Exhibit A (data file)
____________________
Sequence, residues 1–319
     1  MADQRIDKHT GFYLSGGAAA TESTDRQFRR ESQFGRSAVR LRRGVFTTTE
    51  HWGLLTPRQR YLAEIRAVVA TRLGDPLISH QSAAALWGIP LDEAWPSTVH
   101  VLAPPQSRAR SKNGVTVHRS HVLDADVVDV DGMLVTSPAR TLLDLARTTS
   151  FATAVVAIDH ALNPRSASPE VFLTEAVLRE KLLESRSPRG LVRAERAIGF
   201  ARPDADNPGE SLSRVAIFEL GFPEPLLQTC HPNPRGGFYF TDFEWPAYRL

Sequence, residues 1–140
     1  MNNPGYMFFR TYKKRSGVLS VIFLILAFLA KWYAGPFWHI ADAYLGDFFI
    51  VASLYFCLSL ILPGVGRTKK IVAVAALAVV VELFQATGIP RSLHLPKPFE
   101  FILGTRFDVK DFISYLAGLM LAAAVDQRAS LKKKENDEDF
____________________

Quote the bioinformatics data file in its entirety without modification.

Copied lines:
Sequence, residues 1–319
     1  MADQRIDKHT GFYLSGGAAA TESTDRQFRR ESQFGRSAVR LRRGVFTTTE
    51  HWGLLTPRQR YLAEIRAVVA TRLGDPLISH QSAAALWGIP LDEAWPSTVH
   101  VLAPPQSRAR SKNGVTVHRS HVLDADVVDV DGMLVTSPAR TLLDLARTTS
   151  FATAVVAIDH ALNPRSASPE VFLTEAVLRE KLLESRSPRG LVRAERAIGF
   201  ARPDADNPGE SLSRVAIFEL GFPEPLLQTC HPNPRGGFYF TDFEWPAYRL

Sequence, residues 1–140
     1  MNNPGYMFFR TYKKRSGVLS VIFLILAFLA KWYAGPFWHI ADAYLGDFFI
    51  VASLYFCLSL ILPGVGRTKK IVAVAALAVV VELFQATGIP RSLHLPKPFE
   101  FILGTRFDVK DFISYLAGLM LAAAVDQRAS LKKKENDEDF